Sunday, August 1, 2021

It is all about Violence


In my post of the other day (here), I reflected on the summary cancellation by the Cardinal Archbishop of Washington, DC, of a Pontifical High Mass long planned for the Vigil of the Assumption on August 14, in the National Shrine. He claimed to do so, exercising his ordinary authority in response to Traditionis custodes, the Pope's motu proprio against the Traditional Latin Mass, ever more frequently now being dubbed the UA (Usus Antiquior). Meantime,  it has become public knowledge that the Cardinal has also rejected the request of the Paulus Institute that he reconsider his action.  

In my previous article, I mentioned Ross Douthat's comment in a NYT article, about another author writing in favor of the strategy of TC, who claimed that yet today it should be possible to revolutionize society and the Church on the pattern of the successive stages of the French Revolution. I must agree with Douthat and hold that what happened in 1848 in France to consolidate the supposed gains of the "Reign of Terror" does not represent a universal and cannot simply be applied as described in our historical context, certainly not so many years later and on the world stage. Moreover, who in their right mind would every strive for a revolution like the French one within the Catholic Church? There do not seem to be any Catholic precedents for the use of the guillotine to achieve genuine church reform.

Douthat expressed clear skepticism regarding his colleague's thesis that the present motu proprio, just like in 1848 in France, could accomplish what no amount of violence in the 1970's was able to attain in its attempt to eradicate the timeless liturgical patrimony of the Roman Church. Part of Douthat's argument, at least, was that the hierarchical principle has been so undermined in the last 30-40 years that legislation like Traditionis custodes, apart from its many flaws, is deader in the water than was Veterum sapientia back in 1962.

Notwithstanding Douthat's incisive commentary, the situation is still terribly worrisome for me. This is not a tempest in a teapot. We need but take a closer look on the political side here in the United States at what the radical left seems to be achieving in undermining the family. People are not being convinced or even seduced by the left's dystopic propaganda, no, rather the little ones are being cowed by threats and violence, too often supported by bureaucrats and even elected officials at city, state and federal levels. They are being victimized and things are just being torn down, basta. It is all very sad.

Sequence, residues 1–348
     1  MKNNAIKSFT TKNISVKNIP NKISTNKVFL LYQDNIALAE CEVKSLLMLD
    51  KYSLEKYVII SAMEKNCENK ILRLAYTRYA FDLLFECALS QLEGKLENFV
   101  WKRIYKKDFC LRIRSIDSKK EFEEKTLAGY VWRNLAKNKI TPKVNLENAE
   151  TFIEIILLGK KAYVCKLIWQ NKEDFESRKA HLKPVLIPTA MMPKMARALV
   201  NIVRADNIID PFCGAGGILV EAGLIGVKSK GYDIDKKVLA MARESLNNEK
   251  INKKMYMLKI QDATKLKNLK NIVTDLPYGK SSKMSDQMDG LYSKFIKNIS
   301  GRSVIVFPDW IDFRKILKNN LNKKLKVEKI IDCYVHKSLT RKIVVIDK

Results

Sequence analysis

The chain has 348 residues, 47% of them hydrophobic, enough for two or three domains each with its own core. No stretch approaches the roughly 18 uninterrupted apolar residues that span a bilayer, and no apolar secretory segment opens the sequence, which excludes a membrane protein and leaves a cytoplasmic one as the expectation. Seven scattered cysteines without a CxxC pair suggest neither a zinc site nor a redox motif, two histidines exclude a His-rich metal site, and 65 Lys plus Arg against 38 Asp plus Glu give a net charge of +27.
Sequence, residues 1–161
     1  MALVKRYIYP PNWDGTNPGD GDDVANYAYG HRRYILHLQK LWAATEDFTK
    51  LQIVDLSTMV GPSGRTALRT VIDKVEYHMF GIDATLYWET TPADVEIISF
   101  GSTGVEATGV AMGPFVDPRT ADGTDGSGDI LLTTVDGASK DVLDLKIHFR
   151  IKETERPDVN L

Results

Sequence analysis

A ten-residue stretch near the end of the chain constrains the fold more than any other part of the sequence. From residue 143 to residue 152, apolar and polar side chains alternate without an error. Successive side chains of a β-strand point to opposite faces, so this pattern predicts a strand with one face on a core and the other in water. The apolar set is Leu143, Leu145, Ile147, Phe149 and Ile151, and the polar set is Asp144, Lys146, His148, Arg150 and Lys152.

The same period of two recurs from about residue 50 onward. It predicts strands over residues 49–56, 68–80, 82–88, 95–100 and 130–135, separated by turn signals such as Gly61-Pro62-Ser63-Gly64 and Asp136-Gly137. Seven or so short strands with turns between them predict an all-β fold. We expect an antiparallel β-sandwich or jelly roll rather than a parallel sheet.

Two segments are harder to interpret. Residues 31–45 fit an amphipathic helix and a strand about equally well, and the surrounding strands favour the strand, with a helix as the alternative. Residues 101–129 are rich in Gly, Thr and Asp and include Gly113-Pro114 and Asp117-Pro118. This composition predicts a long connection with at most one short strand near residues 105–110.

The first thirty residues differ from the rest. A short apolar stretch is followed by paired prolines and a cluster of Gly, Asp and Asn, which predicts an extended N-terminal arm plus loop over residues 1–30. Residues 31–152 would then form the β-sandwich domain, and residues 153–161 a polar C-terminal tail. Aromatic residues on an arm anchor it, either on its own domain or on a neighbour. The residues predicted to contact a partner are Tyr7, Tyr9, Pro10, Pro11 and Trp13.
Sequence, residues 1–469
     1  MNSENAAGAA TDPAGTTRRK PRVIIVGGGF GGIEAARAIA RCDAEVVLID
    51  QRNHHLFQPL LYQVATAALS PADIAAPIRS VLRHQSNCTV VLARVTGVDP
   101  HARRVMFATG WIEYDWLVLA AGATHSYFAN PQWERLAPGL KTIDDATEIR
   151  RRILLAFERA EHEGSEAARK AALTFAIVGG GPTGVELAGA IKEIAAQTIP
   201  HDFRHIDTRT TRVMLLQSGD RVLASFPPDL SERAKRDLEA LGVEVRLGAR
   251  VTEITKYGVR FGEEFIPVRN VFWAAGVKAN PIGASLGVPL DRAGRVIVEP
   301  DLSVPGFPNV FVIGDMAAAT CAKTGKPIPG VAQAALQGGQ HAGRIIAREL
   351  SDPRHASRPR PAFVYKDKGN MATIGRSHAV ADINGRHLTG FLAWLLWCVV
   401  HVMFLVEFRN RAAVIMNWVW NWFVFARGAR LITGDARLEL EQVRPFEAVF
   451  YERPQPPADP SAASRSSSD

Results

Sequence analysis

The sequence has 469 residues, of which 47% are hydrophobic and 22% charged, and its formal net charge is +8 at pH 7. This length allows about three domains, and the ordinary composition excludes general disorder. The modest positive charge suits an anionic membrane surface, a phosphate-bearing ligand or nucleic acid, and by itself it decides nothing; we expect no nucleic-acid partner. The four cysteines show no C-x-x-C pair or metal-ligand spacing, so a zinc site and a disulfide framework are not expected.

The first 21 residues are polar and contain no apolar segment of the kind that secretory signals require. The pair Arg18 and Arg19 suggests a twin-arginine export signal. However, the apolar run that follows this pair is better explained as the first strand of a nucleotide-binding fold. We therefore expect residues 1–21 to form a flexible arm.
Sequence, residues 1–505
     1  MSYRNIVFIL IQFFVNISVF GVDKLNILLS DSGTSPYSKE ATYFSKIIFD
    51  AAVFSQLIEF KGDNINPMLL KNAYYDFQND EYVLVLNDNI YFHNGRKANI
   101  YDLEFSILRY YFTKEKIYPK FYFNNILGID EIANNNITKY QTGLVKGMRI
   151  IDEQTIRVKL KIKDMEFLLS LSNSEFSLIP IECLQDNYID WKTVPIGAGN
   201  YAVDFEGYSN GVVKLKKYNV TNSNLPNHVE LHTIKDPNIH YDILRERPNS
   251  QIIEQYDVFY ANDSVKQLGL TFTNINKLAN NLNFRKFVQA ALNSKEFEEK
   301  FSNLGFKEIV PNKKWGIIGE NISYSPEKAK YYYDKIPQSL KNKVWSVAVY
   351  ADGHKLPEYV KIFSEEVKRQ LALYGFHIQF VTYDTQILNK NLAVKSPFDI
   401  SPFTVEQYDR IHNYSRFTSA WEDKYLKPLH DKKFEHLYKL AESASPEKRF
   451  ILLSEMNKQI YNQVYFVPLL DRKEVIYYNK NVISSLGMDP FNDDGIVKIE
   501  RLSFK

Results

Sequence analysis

What has brought on this violence today in the Church? It is the same deep-seated hatred of the Apostolic Faith which was at work back in the 1960-70's and which still perdures among an ever diminishing old guard and their clueless recruits. They seem to have imbibed that same hatred, which "wreckovated" churches and burned books and vestments, with no respect for the devotion of a generation now mostly gone to their eternal reward.

This kind of violence cannot be met by counterviolence but rather by the steadfast adherence to the truth and the love of the Old Mass which has captured the love and imagination of not few young people in our own day and time. The revolutionaries, the violent are kicking against the goad, so to speak.

When we were children, one of my mom's ultimate arguments against younger siblings throwing temper tantrums was to tell them to go look at themselves in the mirror and be covered with shame at their ugliness. It was an argument suited to a child, a very simple call to introspection, based on a fundamental conviction concerning the goodness of that child who stood before her stamping his or her little feet. It is a dialogue without much sophistication, but one shot through with love.  At some point the fuming and railing against us and the UA will subside or stop altogether. It has to, for we have a world to claim for Christ. All else is less than to the point.


1 comment:

  1. “When we were children, one of my mom's ultimate arguments against younger siblings throwing temper tantrums was to tell them to go look at themselves in the mirror and be covered with shame at their ugliness.” That sounds like something my grandma (God rest her soul) from Conde would say to my dad and my aunts and uncles. It’s a shame that it’s not more widespread nowadays.